Steven's is an engineering marvel. He began by creating square frame of stripped hackberry wood for the base. Interwoven on top of this were willow stalks he trekked down to the river to cut. He bent cedar branches for days around steel barrels in order to curve them for the arched top. He made hole-n-peg intersections to join saplings together. He used wood glue (his one modern allowance) and bindings to tie everything together sturdily. Joint Detail Then, when faced with how to create a fencing that was not metal; but not woven like the bottom either (needs to let light in and let people see the birds), he came up with this beautiful design using old-style baling twine (which we happen to have plenty of around). He worked for hours on getting the design right and tight to make it both functional and aesthetically beautiful. And he finally finished his cage this past week! ;)

So you can decide the contest winner. If I was wanting a cage -- surely I would prefer to own Steven's. However, mine does what it was designed to do - be functional for a farm auction. I think a rooster will look fine in mine. I think Steven is likely to get more people interested in his cage, than in the beautiful bird inside it.

We will see. The auction is at the end of the month.

(you can click on the photos to see them larger and in more detail)

Wednesday, January 7, 2009

Project List #1

This past weekend, our oldest female goat, Bobbie Sue (the only one that is named, as well) lost the set of twins she was carrying. A miscarriage about halfway through term, it appears. Although this loss was not nearly as hard on her (and us) as the lost of her triplets at full birth last February.

We really did not plan to have any kid goats this winter -- we wanted the young does to get older, and we don't like kidding in the cold of winter -- it is hard to get a survival rate. However, apparently our buck Jeffy got Bobbie Sue bred before we sold him in early November. It is somewhat of a relief, however, to not have to worry about baby goats in February, now. At least for this year. The other adult doe does not appear to be pregnant.

Steven wondered if she miscarried because we had them out the day before, shepherding them to a new place to eat, and the other doe spooked and took off at a dead run, which made all the others run after her. While the running probably was not good on Bobbie Sue, I doubt it alone caused the miscarriage.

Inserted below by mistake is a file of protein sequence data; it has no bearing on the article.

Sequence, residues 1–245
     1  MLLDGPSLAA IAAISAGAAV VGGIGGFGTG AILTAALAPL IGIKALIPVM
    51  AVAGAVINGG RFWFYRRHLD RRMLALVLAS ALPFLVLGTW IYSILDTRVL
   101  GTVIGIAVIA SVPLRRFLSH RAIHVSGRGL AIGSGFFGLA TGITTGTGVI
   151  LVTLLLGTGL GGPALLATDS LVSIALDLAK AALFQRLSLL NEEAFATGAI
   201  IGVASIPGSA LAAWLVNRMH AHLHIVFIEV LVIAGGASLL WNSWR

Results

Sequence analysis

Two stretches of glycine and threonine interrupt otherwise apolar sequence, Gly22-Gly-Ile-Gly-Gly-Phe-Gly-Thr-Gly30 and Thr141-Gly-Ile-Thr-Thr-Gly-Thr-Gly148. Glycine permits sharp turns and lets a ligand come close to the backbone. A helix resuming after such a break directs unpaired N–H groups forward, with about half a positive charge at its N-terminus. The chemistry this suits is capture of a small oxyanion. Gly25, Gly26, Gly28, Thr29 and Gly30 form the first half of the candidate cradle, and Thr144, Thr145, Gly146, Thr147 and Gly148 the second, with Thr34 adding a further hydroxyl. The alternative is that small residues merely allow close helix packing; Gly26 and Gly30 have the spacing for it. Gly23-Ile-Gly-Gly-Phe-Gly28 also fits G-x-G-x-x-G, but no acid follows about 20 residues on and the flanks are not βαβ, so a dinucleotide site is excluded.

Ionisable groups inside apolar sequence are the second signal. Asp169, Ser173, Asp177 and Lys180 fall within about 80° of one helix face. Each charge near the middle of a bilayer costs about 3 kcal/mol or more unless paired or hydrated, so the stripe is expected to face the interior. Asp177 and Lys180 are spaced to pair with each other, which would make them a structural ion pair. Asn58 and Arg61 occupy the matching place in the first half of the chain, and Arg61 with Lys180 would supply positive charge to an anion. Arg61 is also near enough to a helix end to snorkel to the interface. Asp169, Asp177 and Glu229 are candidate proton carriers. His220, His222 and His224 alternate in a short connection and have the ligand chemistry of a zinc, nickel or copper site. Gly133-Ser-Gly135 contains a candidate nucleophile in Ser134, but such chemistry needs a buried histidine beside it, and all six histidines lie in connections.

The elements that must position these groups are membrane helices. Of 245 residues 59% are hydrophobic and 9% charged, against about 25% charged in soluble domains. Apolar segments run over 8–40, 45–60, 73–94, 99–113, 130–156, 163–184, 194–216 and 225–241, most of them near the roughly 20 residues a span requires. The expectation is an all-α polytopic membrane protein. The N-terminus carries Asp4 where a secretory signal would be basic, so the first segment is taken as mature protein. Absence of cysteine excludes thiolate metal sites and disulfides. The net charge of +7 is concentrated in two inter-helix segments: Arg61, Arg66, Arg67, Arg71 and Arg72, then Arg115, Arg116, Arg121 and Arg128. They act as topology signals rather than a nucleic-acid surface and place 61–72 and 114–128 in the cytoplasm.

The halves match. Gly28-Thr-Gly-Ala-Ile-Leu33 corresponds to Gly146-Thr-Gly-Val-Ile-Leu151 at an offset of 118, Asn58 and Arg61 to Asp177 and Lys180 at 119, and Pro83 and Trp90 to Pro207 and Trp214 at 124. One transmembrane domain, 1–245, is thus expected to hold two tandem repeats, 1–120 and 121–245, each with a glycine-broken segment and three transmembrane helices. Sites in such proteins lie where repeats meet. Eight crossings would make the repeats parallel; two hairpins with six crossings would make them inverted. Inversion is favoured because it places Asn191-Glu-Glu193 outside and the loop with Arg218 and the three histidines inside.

Okay, I'm going to start trying to keep track of some of our projects here, just so I can get organized and feel a sense of accomplishment as we get them done. I'm going to break the list down into shorter sections, for "small victories." :)

This first list is items I would like to get done before spring arrives at the farm:
  1. Finish outhouse project

  2. Repair bathroom floor/toilet

  3. Begin the myriad of wood cutting we need done - mostly along the hedge rows
  4. Get the now-completed beehive set outside and ready for bees for spring

  5. Get electrical wiring moved so we can remove huge dead tree in backyard
  6. Begin tear-out and re-install of south fence; west corral

  7. Maintenance on mowers

  8. Cut out old pear tree

  9. Burn off garden perimeter

  10. Cut down trees along garden fence

  11. Burn off north pasture/orchard area (as we did last year)(partially done)

  12. Try to get my own bedroom organized/cleaned/sorted and compressed

  13. Begin starter seeds indoors

  14. Study more about converting house to wood heat; begin plans

  15. Finish the farm website

Well, that's enough to get me started. If I get too long of a list, I will get discouraged.

Friday, January 2, 2009


I was hoping to be able to soon post a farm project list like my friend MEL has done on her blog, but I don't appear to be organized yet enough this year to have that all written out. Although Steven and I did talk about many goals we have for the coming year.

However, I haven't updated in so long that I at least wanted to pop in here with a short post wishing you all a productive and blessed New Year. I hope to find more time to post updates in the future.